Kangaroo PR gift for Pac Brands. We’re a suspicious lot at Crikey, so when a plethora of news stories broke out about a kangaroo home invasion in Canberra, many of which prominently mentioned that the hero home defender was wearing nothing but Bonds underpants, we suspected a PR stunt. If so, it was successful. Media Monitors tells us the story has had six radio and 80 television mentions, as well as appearing in print and online. It wouldn’t be the first time the media has been taken in by too-cute-for-words stories that turned out to be attempts at viral advertising. Our suspicions escalated when we noted that Pacific Brands, makers of Bonds undies and in the news because of their move offshore, had just hired a new PR firm, Cato Counsel. So we rang Cato and asked the question, and were given an absolute, blanket denial. Not a PR stunt. Nothing to do with PacBrands. Just a gift. At the ABC note this classic comment from 702 Sydney’s Adam Spencer yesterday: “Finally some good news for the Pacific Brands corporation”. Right. PR anyone? — Margaret Simons
Home and Away trawling for viewers? “GAY TV FOR KIDS” screamed this morning’s Herald Sun front page. It’s claimed Channel Seven’s evening soapie Home and Away is set to shock viewers with a lesbian love story. And conservative groups are angry about a storyline that hasn’t even aired yet. Wonder how the likes of Pro-Family Perspectives director Angela Conway managed to get a sneak preview? Nice publicity for Home and Away in any event. Just watch those ratings soar.
Even rival Channel Nine — no stranger to such controversies — is happy to spruik Seven’s wares, helpfully advising “Policewoman Charlie Buckton will fall for fishing trawler deck hand Joey Collins” and “will steam up the screens”. But why didn’t anyone make a fuss about a same-sx kiss between two Summer Bay High schoolgirls on Home and Away last month? It’s all rather fishy. — Neil Walker
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The Loop. The Thick Of It‘s Malcolm Tucker is (allegedly) based on Alastair Campbell. And now Campbell has seen the spin-off movie In The Loop … but isn’t allowed to talk about it. The BBC tell Campbell to f-cking shut it. How times change….
And here’s a gloriously sweary preview of In The Loop . — Neil Walker
Welcome to the Philippines, the “most murderous country in the world” for journalists. 99 journalists have been murdered in the Philippines since 1986, the year the dictator Ferdinand Marcos, who was notorious for human rights abuses and for jailing journalists, was deposed. Most of the victims are in the provinces where journalists, although relatively free to air or publish whatever they want, have to contend with warlords, politicians and criminal syndicates. In these communities, particularly where governance is weak, people turn to journalists, oftentimes radio commentators, who can be shrill and rambunctious in their commentary and reports. — Global Post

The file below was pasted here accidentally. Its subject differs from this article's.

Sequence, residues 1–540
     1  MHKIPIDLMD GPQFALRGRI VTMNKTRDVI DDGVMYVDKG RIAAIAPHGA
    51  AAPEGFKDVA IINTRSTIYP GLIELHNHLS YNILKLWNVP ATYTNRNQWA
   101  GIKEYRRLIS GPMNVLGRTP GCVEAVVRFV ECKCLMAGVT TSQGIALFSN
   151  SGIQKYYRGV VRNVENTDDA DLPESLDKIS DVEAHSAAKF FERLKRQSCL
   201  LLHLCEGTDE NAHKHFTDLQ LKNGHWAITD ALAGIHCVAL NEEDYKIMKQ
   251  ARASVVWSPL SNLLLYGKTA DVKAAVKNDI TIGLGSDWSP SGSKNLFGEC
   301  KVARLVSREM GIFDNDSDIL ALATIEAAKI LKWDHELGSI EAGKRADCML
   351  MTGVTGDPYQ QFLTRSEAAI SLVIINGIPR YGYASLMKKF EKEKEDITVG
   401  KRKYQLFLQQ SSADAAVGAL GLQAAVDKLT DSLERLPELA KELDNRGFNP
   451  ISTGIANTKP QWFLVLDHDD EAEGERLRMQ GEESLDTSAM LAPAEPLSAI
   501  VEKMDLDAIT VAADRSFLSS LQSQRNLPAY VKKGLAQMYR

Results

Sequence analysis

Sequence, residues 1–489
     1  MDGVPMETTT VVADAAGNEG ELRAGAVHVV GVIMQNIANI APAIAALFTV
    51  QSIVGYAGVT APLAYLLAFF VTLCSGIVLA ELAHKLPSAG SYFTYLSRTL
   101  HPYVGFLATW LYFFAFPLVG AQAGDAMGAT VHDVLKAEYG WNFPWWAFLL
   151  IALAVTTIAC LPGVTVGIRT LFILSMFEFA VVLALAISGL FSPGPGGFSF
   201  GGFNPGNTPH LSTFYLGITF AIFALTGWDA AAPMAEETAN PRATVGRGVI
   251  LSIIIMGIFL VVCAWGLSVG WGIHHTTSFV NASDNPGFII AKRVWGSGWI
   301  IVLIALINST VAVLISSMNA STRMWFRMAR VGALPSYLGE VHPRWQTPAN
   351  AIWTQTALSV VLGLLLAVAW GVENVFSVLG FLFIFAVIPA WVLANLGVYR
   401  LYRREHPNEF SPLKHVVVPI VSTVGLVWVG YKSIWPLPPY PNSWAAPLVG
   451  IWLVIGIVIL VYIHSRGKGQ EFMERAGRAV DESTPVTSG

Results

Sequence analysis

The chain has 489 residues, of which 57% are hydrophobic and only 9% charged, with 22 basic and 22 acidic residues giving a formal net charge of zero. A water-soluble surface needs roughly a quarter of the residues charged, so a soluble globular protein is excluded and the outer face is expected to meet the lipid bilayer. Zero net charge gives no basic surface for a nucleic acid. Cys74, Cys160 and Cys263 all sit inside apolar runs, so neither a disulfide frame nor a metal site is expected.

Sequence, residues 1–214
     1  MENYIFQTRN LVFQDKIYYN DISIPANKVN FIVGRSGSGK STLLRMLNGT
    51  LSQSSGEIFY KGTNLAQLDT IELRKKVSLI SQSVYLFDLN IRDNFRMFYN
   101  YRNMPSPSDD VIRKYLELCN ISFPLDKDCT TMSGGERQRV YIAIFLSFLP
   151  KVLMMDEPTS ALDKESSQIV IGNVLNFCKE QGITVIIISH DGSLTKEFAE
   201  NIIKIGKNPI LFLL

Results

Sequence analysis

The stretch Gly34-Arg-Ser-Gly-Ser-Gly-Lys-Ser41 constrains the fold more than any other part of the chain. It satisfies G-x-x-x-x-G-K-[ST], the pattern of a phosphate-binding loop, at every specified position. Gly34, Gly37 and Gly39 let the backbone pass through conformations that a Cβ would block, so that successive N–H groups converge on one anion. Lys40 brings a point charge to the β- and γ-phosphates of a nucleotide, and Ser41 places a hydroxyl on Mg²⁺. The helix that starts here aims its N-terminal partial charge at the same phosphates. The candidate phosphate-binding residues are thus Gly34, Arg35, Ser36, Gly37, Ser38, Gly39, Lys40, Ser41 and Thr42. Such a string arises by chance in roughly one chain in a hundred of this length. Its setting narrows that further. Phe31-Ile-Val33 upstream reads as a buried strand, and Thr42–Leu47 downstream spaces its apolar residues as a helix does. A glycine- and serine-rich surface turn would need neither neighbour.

Rupert Murdoch buys The Brooklyn Paper. 31-year-old independent newspaper, The Brooklyn Paper, has been purchased by Rupert Murdoch’s News Corporation. The Brooklyn Paper ‘s editor Gersh Kuntzman and its publisher Celia Weintrob confirmed the news. “We’re very excited,” said Mr. Kuntzman in an interview. He said that he has not yet spoken to Mr Murdoch, but he has had conversations with people from News Corp. “They don’t want the product to change,” said Mr Kuntzman. “And they love the product. And the product is fantastic.” — The Observer
FremantleMedia claims Swiss firm copied The Farmer Wants a Wife. London-based production and distribution firm FremantleMedia has started legal action against a Swiss broadcaster it claims illegally copied its reality format The Farmer Wants a Wife. FremantleMedia, which is owned by German media giant RTL, said it had commenced legal action against broadcaster 3+ Group and the 3+ TV network for violation of Swiss unfair competition laws over its series Bauer, Ledig, Sucht — a translation of Farmer, Single, Looking — which is produced by a third party. — Guardian
“No more free content”. I think that if I hear another newspaper person utter this phrase — no more free content — I will scream. The implication in the “no more free content” meme — that all would be right in the newspapering world if online readers would just ante up — rests on a false assumption. News and information consumers, in the main, do not “pay” for news content! In my lifetime, all mass media have “given away” their content. There are exceptions (Consumer Reports comes to mind) but the “no more free content” folks are not talking about niche magazines: they’re talking about local daily newspapers. — WiredPen
Google ads are 768% more effective than print ads … uh oh. Jeff Jarvis shared a bit of wisdom from the Wall Street Journal yesterday that paints an ugly picture for the future of print advertising. From the Wall Street Journal:
In the first six months of the program, Ms. Bouthillet says, the search-engine ads delivered 5,250 applicants, at an average cost of $4. By contrast, Baylor paid an average of $30 for each of the 3,125 applicants who came via job boards, and $750 each for the 215 applicants who replied to a newspaper or magazine ad.
If you wrangle that into a spreadsheet we find that the Google/Search ad campaign is 768% more effective than the print ad campaign. — eat sleep publish
Forget the Prime Minister, what about us? Journalists have a very verbose vocabulary. They can seamlessly weave words like probabilistic, denizen and epistemology into everyday conversation. But off camera and off record, journalists have very, very big potty mouths. If a journalist is ever observed in his natural element, the most common words to come from his mouth will be the four-letter variety kind — the ones that would never make it in his family friendly publication. — Stuff Journalists Like